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Gareth Liddiard, Rosemount 20 September 2014

The Amber Fresh Chronicles

Gareth Liddiard, Rosemount 20 September 2014

Andrew Ryan

I’m listening to Bridget St John again… I wonder why I have heard of Nick Drake and not of her. Very very beautiful, very very gentle.

I was cooking on camp on the weekend. Cooking for 16 little beings that don’t live with their mum and dad. I can’t imagine that, even though I try to. The night after camp I woke up with sore wrists, from all the chopping and scrubbing. All the sun was coming in my window and I thought about little kids chopping and scrubbing and sewing in other places and other times, wishing for something nice to happen to them. I will do something for them, the little working kids with sore wrists.

On one of the nights I left after dinner to go to the show. I nearly wore high heels. I wanted to look nice for a special event, one of my favourite people who makes music was playing, Gareth Liddiard. I wrote him a letter after the show on the internet explaining my feelings but it’s got some swear words in it, so I’ll write you a different version.

Gareth’s album ‘Strange Tourist’ is one of my favourites of all time. The first time I heard ‘The Radicalisation of D’, a song on that album, I was driving around in my car and some great radio host put it on RTR. Something new happened, a new feeling about a song that I hadn’t had, maybe ever. And it went on and on, this song, for the right amount of time. 16 minutes. 16 is the number of baby squid I saw one special day underwater. And 16 is the number of people I go hiking with to show them what happens when you’re away from everything, just under the sky and with The Big. About the time I heard ‘The Radicalisation of D’ I had been looking after a boy sometimes who was getting taken under the wing of a bikie, getting left at home as a year 8 without any food and with holes punched in the walls and with drugs getting injected in him. We used to go to the movies, me, him, and his young aunty, and we played ping pong without a ping pong table, and played UNO and ate lots of burgers.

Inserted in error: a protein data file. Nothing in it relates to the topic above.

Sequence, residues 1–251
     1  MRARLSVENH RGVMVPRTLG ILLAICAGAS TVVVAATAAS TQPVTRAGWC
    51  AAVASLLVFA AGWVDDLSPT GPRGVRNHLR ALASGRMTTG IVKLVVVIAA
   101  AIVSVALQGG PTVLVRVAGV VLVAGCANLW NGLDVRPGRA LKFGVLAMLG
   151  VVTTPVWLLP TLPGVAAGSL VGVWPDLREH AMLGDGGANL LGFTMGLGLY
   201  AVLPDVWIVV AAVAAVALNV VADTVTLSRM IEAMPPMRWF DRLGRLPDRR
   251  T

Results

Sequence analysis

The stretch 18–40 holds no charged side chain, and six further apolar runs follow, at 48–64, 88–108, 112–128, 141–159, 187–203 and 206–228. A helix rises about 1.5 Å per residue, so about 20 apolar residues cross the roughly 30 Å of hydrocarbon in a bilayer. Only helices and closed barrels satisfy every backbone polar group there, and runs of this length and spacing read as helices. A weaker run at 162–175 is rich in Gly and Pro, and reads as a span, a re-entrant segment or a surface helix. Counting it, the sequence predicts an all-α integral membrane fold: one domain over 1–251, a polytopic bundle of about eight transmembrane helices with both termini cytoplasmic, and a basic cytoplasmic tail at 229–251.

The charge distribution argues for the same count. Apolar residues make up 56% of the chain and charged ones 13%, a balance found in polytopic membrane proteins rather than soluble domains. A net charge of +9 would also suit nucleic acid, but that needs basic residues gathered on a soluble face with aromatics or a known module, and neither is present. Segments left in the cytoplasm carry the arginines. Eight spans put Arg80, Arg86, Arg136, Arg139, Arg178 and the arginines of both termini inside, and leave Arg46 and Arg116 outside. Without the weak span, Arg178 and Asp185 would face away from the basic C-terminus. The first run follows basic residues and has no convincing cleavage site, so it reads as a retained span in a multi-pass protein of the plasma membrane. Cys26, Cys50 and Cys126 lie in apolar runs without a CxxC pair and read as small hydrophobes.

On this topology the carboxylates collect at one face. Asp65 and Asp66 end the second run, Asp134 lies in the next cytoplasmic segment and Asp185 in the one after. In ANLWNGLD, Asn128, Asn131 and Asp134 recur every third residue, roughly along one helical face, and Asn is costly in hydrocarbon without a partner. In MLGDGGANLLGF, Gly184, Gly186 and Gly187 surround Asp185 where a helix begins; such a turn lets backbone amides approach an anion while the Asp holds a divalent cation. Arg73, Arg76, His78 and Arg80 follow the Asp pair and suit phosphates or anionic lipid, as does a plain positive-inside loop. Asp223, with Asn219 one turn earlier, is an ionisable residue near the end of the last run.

Anyway, the song reminded me about all of this, and then I talked to Cam Avery about it and he was obsessed with it too and told me about the album. About that time I was meant to go camping with Cam and his brother Elliott, but only Elliott came. We caught heaps of herring at the beach in Margaret River and wandered around in bathers and built a fire in the dunes and became friends forever.

And then one night Gareth came to play at the Bakery and me and Elliott watched him together and I bought that cd and got him to draw Elliott holding a herring in the inside cover. And then we would listen to ‘Strange Tourist’ over and over in the car. Sometimes someone would come into my car who I thought might not like the album, so I’d have to pause it. But then when they left I could put it on again.

So yes, one night after dinner I put a dress on and we all went to the show. Cam was in a suit and talking about making songs for movies, and everyone was in suits from a wedding. And then Cam played like a singer at a wedding, with the lights all going it was like a movie, and with the lovelorn songs also like it was a movie.

Me and Joe and Tristan giggled, and Joe was doing some heckling but I looked around and no-one seemed to mind, til he got up to sing a song with Cam and then no-one minded again and some people sung along.